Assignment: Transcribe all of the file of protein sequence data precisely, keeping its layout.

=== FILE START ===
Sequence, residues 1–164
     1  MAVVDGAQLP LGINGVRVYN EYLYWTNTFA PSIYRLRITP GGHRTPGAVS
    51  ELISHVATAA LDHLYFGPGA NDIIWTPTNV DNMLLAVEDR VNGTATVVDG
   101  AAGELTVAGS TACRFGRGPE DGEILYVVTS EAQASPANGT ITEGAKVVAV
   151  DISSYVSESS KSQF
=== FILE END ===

Sequence, residues 1–164
     1  MAVVDGAQLP LGINGVRVYN EYLYWTNTFA PSIYRLRITP GGHRTPGAVS
    51  ELISHVATAA LDHLYFGPGA NDIIWTPTNV DNMLLAVEDR VNGTATVVDG
   101  AAGELTVAGS TACRFGRGPE DGEILYVVTS EAQASPANGT ITEGAKVVAV
   151  DISSYVSESS KSQF